There has been a a great forgetting of the tragic deaths of millions of Africans just a mere 125 years ago. This well - researched book thoroughly documents the Belgian atrocities in the Congo from 1890 until approximately 1910. ( )
  Chrissylou62 | Apr 11, 2024 |
Well researched and very readable. ( )
  localgayangel | Mar 5, 2024 |
A terrific, eye opening, horrifying true story of the Belgian King and his colonization of the Congo. Highly recommended. ( )
  jjbinkc | Aug 27, 2023 |
Before reading this book, my knowledge of African history was scanty. I have read a few books on North Africa, but none on the history of the sub-Saharan continent. Adam Hochschild’s book, King Leopold’s Ghost, proved to be a startling introduction.

First off, the book has a reputation for brutality. Before I began, people warned me to prepare myself. I don’t think anything could prepare someone for the horrors perpetrated on the people native to Africa by the European colonizers. The term “colonize” sounds so innocuous that it masks the violence of the process.

Hochschild highlights King Leopold II, king of the small and relatively new country of Belgium. Leopold’s bottomless well of greed and ruthless ambition caused him to gain control, underhandedly, of the massive area of central Africa called the Congo. He didn’t share this wealth with his country. So, the people of Belgium didn’t even profit from any of his activities using slavery to gain riches from the sale of ivory and rubber at the beginning. This changed after the king died.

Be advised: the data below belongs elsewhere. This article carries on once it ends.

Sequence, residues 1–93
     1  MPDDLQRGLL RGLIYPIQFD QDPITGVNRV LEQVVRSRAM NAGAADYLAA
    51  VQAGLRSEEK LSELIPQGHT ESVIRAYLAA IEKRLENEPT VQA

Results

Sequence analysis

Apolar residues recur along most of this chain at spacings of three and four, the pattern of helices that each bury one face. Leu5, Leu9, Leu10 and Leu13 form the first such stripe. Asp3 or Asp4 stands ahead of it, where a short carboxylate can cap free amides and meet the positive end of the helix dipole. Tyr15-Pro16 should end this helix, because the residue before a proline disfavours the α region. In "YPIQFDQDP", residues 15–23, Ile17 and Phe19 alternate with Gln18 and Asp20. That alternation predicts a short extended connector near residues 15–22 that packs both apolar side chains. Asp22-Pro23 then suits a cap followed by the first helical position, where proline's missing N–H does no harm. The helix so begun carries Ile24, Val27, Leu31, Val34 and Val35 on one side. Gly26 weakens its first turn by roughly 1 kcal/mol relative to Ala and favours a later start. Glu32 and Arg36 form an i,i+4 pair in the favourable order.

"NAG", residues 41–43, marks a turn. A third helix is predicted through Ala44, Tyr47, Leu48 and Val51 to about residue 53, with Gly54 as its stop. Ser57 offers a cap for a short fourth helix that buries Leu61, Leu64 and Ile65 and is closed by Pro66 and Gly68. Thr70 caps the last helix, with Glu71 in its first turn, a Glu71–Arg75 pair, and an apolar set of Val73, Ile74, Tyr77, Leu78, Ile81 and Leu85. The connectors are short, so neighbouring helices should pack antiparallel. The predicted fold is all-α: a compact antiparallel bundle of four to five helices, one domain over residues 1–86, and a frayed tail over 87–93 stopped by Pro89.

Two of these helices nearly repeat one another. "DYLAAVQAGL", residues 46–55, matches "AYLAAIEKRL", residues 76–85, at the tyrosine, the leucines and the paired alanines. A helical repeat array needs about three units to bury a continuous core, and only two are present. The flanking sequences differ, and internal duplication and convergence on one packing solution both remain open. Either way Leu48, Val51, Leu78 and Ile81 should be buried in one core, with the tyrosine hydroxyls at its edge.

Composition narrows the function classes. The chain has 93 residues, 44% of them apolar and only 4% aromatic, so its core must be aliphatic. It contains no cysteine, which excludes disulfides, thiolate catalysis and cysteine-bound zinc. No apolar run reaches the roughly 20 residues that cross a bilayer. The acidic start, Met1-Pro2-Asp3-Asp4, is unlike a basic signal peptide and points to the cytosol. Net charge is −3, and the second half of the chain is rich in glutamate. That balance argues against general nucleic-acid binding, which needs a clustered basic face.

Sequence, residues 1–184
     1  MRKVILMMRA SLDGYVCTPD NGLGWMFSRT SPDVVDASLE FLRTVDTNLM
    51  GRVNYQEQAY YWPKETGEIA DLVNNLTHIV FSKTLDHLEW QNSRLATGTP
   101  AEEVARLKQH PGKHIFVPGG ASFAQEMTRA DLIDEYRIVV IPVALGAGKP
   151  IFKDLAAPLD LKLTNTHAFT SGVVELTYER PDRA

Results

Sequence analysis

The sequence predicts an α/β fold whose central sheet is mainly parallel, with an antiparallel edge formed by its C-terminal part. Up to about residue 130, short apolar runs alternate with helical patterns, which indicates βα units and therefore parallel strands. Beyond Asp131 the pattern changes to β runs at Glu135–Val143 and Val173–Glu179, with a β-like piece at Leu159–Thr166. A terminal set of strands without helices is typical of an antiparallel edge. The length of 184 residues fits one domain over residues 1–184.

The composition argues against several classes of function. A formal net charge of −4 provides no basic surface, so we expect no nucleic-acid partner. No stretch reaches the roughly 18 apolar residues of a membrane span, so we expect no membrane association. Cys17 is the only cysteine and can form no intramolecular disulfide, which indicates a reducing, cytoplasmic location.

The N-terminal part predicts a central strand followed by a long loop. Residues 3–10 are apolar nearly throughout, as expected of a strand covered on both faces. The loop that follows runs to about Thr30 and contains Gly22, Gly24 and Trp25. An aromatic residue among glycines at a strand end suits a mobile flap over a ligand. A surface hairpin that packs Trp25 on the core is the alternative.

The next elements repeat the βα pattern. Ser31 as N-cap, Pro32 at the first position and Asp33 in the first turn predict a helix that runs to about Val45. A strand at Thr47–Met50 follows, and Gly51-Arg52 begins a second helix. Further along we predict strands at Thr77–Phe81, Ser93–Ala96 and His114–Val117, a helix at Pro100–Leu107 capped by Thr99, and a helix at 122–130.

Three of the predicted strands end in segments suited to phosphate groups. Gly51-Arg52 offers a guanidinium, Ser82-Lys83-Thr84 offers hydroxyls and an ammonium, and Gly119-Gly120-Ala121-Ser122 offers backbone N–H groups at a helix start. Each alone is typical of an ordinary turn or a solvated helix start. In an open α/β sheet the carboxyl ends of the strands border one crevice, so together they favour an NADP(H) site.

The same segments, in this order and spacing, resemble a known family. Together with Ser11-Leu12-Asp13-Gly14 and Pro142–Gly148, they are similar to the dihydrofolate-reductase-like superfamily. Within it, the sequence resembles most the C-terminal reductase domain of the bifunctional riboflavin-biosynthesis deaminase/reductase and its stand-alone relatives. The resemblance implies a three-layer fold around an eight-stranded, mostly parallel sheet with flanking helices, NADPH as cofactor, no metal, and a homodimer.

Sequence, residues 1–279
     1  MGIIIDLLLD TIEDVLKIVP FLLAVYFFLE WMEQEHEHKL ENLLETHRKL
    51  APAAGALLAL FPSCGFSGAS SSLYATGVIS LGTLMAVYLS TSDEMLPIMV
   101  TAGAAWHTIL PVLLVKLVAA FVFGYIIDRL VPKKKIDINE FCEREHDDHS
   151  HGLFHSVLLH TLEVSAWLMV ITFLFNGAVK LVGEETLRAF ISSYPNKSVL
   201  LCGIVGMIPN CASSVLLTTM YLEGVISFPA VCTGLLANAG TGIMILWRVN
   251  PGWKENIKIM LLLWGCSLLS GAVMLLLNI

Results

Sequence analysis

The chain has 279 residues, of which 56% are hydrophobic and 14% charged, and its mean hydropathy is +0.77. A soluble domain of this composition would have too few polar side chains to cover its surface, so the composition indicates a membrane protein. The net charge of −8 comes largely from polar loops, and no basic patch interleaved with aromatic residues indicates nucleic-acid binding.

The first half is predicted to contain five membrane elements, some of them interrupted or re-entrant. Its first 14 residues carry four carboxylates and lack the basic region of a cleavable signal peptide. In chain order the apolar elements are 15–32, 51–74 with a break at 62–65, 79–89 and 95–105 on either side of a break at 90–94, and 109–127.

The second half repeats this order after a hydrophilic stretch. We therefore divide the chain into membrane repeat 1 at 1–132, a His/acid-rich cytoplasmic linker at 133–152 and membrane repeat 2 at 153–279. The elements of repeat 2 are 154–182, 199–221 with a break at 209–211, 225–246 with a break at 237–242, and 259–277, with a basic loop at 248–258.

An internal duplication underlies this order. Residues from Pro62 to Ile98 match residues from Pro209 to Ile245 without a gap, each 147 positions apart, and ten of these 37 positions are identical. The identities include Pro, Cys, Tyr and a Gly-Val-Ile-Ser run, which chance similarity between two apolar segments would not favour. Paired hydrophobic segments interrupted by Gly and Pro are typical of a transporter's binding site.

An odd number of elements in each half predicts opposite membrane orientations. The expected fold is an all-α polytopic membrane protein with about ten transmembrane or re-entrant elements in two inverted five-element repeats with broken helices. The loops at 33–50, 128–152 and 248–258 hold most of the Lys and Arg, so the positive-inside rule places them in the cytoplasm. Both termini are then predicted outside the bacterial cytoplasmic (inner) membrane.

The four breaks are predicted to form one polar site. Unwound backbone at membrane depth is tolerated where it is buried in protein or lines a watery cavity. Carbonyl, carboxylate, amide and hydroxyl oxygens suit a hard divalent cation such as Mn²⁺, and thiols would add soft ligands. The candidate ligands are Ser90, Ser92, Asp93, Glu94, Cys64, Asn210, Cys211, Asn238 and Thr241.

To make it clear that terror and exploitation are not unique to Leopold or Belgium, Hochschild talks about violence perpetrated by Africans on other Africans before the Europeans arrived. He also touches on inhumanity demonstrated by other countries worldwide, but primarily by Europeans in their colonization of Africa and theft of its natural resources. He takes pains to discuss the complicity of the United States in similar outrages within its borders.